If New York’s attorney general gets her way, former President Donald Trump will be drummed out of her state as a businessman almost completely.
That’s because her massive $250 million lawsuit against Trump, his company, and his adult children effectively seeks to eradicate them from New York’s commercial scene, and in particular, the industry where Trump made his name: real estate.
Victory for NY Attorney General Letitia James would mean banning Trump and three of his kids—Eric, Don Jr., and Ivanka—from running a company based in New York. James wants to block Trump and his family business from buying any New York real estate for five years, and install an independent monitor to oversee all of the company’s business activities, including its financial reporting and statements to banks and tax authorities.
In short, James set out Tuesday to obliterate his image as a savvy entrepreneur—one that Trump spent decades cultivating through a series of splashy deals, a hit reality show, and finally a bid for the presidency based on the promise of his self-avowed skills as a negotiator.
In James’ retelling, it was all based on a series of illicit exaggerations. In hundreds of detailed pages, James’ lawsuit alleged fraud across 23 assets, from the Mar-a-Lago seaside country club in Palm Beach, Florida, to golf clubs in Scotland. The lawsuit seeks $250 million in awards, which is the amount that James estimated Trump’s company earned through allegedly fraudulent schemes.
Trump has denied all wrongdoing. In a statement on his social media site, Truth Social, Trump criticized James as “a total crime fighting disaster in New York” and insisted that banks and insurance companies “were fully paid, made a lot of money, and never had a complaint about me.”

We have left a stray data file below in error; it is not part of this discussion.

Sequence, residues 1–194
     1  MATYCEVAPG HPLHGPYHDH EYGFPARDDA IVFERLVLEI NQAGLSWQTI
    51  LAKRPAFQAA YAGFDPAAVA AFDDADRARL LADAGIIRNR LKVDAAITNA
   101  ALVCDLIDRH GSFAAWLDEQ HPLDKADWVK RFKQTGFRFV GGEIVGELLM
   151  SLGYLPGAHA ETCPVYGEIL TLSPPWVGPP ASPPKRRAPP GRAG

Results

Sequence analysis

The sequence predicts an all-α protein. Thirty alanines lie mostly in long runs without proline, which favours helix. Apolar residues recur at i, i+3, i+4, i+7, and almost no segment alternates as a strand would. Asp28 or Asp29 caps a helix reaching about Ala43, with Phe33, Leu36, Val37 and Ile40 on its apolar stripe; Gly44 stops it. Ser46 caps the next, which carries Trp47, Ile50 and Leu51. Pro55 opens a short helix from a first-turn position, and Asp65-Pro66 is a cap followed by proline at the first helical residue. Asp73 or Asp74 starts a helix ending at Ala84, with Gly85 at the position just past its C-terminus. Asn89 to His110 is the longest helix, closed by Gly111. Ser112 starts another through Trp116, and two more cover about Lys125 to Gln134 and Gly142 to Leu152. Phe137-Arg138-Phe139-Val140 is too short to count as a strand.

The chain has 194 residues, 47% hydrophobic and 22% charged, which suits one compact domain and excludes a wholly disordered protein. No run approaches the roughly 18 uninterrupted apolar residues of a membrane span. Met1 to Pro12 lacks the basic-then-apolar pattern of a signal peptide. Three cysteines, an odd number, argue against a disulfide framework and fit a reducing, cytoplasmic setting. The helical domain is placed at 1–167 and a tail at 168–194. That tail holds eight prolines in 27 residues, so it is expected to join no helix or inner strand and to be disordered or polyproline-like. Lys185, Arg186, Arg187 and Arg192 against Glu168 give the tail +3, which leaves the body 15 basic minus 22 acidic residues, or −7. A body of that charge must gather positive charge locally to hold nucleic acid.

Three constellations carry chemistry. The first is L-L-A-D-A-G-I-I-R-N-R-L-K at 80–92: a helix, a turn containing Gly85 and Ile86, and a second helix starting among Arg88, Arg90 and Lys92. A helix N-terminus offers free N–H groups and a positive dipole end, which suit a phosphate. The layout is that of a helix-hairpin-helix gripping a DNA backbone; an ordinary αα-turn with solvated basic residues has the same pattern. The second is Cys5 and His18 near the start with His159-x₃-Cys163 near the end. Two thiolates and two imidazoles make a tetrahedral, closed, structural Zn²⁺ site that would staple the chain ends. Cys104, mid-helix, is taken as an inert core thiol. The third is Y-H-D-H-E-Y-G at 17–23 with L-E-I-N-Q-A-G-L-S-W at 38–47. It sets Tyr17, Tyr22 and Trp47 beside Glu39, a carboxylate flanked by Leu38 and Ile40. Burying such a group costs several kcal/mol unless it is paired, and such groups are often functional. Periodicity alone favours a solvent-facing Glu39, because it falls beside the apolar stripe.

Trump referred to the attorney general as “Letitia ‘Peekaboo’ James,” for reasons he did not immediately explain. In the past, he has repeatedly called James, who is Black, a “racist.”
James is an elected Democrat who’s up for reelection this November. Trump and his family members have frequently accused her of politicizing her investigation.
The lawsuit adds to a rising tsunami of legal challenges for Trump. He’s already facing a criminal probe in Atlanta over his attempts to reverse his 2020 electoral defeat in the peach state. The FBI is investigating whether he violated the Espionage Act by hoarding sensitive classified documents at Mar-a-Lago.
But unlike those criminal probes, which arc back to Trump’s presidency, this new lawsuit is focused purely on Trump’s business empire.
“The civil case may be even more devastating than the criminal cases,” tweeted Norm Eisen, a senior fellow at the Brookings Institution who served as special counsel for the House Judiciary Committee when the panel pursued Trump’s impeachment. “It may destroy Trump’s financial base that he relies on for all else.”
But James’ lawsuit also has the potential to unleash new criminal investigations into Trump and his family business.
James said her office made criminal referrals to federal prosecutors over what she called evidence of false statements to financial institutions and bank fraud, during a press conference on Wednesday.
She also said her investigation showed violations of state criminal laws, including “falsifying business records, issuing false financial statements, insurance fraud and engaging in a conspiracy to commit each of these state law violations.”
Manhattan District Attorney Alvin Bragg, who has worked closely with James’ office in a parallel criminal probe of the Trump Organization, issued a brief, terse statement in response.
“Our criminal investigation concerning former President Donald J. Trump, the Trump Organization, and its leadership is active and ongoing,” Bragg said.
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